August 6, 2013


Was Hiroshima Needed to End the War? : New evidence suggests that the bombing, rather than saving `500,000' US lives, was a warning to Moscow (Gar Alperovitz and Kai Bird, 8/06/13, CS Monitor)

Most experts now accept the once controversial view that geopolitical and diplomatic concerns about the Soviet Union influenced Truman, Stimson, and Byrnes, consciously or unconsciously, when they chose what Stimson called the "master card" (the atomic bomb) over other readily available ways to end the war.

Scholars differ in the precise weight to accord this motive in the thinking of each policymaker, and some specialists like Bernstein continue to hold that military factors were paramount, or that the weapon's use was "inevitable" because of technological or bureaucratic momentum (and infighting) built up during the war. Gregg Herken, the author of "The Winning Weapon: The Atomic Bomb in the Cold War 1945-1950," observes, however, that "responsible traditional as well as revisionist accounts of the decisi on to drop the bomb now recognize that the act had behind it both an immediate military rationale regarding Japan and a possible diplomatic advantage concerning Russia." Yale Prof. Gaddis Smith writes: "It has been demonstrated that the decision to bomb Japan was centrally connected to Truman's confrontational approach to the Soviet Union."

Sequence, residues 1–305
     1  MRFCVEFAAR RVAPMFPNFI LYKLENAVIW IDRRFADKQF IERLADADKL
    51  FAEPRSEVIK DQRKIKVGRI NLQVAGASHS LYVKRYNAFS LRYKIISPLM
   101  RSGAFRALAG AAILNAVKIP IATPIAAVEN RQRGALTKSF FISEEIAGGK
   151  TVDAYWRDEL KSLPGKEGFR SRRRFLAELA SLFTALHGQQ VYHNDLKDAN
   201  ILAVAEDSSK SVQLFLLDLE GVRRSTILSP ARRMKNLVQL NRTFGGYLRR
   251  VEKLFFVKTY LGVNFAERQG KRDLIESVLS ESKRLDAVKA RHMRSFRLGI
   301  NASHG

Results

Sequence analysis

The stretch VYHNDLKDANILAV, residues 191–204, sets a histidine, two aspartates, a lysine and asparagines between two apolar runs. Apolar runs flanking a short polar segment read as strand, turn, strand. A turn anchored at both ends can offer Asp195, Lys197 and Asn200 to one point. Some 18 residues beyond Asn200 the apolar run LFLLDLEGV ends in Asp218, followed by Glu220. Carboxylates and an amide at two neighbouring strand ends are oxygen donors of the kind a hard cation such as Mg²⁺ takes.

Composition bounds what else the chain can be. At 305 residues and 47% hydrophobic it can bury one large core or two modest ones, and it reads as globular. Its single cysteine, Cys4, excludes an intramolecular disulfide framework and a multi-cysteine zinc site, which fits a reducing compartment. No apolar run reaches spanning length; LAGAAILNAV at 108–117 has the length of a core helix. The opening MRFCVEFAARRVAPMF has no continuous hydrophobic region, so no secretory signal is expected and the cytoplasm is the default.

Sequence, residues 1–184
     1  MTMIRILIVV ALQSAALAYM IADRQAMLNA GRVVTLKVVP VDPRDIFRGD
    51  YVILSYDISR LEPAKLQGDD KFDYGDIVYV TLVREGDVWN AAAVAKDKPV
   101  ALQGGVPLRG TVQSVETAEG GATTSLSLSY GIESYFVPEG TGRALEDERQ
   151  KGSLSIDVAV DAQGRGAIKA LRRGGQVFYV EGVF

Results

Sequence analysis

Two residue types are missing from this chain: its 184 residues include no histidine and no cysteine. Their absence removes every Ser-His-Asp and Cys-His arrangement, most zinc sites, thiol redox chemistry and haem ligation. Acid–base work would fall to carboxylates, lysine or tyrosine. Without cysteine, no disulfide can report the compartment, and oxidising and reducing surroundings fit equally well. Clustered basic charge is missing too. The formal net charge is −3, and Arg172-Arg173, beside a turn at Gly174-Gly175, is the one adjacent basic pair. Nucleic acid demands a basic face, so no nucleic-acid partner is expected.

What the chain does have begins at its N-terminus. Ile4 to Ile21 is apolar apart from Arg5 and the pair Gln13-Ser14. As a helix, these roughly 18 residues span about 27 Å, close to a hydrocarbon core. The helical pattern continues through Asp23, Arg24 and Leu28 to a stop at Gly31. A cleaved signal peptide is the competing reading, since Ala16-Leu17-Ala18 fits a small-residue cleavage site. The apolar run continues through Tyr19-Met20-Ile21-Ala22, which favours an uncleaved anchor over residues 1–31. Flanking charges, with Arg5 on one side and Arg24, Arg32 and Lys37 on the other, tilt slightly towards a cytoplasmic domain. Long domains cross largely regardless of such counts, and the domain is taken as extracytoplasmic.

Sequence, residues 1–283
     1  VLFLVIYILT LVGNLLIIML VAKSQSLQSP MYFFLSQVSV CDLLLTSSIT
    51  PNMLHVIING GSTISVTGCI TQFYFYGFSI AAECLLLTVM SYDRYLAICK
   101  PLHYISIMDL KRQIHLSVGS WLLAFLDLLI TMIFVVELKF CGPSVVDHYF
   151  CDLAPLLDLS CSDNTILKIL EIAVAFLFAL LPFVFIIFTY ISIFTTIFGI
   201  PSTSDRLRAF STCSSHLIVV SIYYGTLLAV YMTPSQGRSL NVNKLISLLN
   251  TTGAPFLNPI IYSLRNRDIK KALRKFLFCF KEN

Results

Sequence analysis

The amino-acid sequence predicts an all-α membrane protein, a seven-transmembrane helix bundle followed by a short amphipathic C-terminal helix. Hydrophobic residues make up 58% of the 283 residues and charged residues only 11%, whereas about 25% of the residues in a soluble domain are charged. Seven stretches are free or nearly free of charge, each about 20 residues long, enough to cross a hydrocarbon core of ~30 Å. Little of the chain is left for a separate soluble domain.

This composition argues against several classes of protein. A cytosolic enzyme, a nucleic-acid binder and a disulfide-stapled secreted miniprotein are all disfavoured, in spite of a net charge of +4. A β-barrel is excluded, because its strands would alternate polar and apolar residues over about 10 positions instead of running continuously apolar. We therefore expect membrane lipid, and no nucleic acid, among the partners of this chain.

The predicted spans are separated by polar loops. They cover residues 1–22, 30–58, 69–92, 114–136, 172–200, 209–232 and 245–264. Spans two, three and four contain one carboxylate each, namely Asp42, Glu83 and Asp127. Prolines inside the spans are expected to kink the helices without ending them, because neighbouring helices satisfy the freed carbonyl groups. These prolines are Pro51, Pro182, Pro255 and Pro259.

...would have been to drop it on Moscow, saving tens of millions of lives.

Posted by at August 6, 2013 8:07 PM

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